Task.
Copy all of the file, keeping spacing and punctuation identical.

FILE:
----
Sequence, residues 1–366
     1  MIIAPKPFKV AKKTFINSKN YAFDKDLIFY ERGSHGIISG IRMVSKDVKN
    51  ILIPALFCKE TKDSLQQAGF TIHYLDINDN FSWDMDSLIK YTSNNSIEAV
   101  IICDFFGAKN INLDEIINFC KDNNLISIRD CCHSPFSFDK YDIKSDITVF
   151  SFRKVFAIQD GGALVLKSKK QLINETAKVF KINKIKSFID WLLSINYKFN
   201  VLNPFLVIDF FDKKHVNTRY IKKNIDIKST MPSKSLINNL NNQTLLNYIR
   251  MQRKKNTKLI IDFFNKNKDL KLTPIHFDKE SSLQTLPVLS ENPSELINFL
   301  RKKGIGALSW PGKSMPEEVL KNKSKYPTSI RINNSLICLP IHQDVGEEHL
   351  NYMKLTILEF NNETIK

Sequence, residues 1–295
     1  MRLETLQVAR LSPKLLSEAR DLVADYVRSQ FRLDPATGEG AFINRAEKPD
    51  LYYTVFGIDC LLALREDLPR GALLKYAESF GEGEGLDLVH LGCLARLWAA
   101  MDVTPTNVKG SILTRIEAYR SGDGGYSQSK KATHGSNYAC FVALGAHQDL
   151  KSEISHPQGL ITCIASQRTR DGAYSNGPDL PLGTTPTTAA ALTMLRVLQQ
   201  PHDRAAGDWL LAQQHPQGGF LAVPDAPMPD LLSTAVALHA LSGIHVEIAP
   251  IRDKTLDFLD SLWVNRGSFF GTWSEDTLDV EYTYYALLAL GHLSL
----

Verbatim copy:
Sequence, residues 1–366
     1  MIIAPKPFKV AKKTFINSKN YAFDKDLIFY ERGSHGIISG IRMVSKDVKN
    51  ILIPALFCKE TKDSLQQAGF TIHYLDINDN FSWDMDSLIK YTSNNSIEAV
   101  IICDFFGAKN INLDEIINFC KDNNLISIRD CCHSPFSFDK YDIKSDITVF
   151  SFRKVFAIQD GGALVLKSKK QLINETAKVF KINKIKSFID WLLSINYKFN
   201  VLNPFLVIDF FDKKHVNTRY IKKNIDIKST MPSKSLINNL NNQTLLNYIR
   251  MQRKKNTKLI IDFFNKNKDL KLTPIHFDKE SSLQTLPVLS ENPSELINFL
   301  RKKGIGALSW PGKSMPEEVL KNKSKYPTSI RINNSLICLP IHQDVGEEHL
   351  NYMKLTILEF NNETIK

Sequence, residues 1–295
     1  MRLETLQVAR LSPKLLSEAR DLVADYVRSQ FRLDPATGEG AFINRAEKPD
    51  LYYTVFGIDC LLALREDLPR GALLKYAESF GEGEGLDLVH LGCLARLWAA
   101  MDVTPTNVKG SILTRIEAYR SGDGGYSQSK KATHGSNYAC FVALGAHQDL
   151  KSEISHPQGL ITCIASQRTR DGAYSNGPDL PLGTTPTTAA ALTMLRVLQQ
   201  PHDRAAGDWL LAQQHPQGGF LAVPDAPMPD LLSTAVALHA LSGIHVEIAP
   251  IRDKTLDFLD SLWVNRGSFF GTWSEDTLDV EYTYYALLAL GHLSL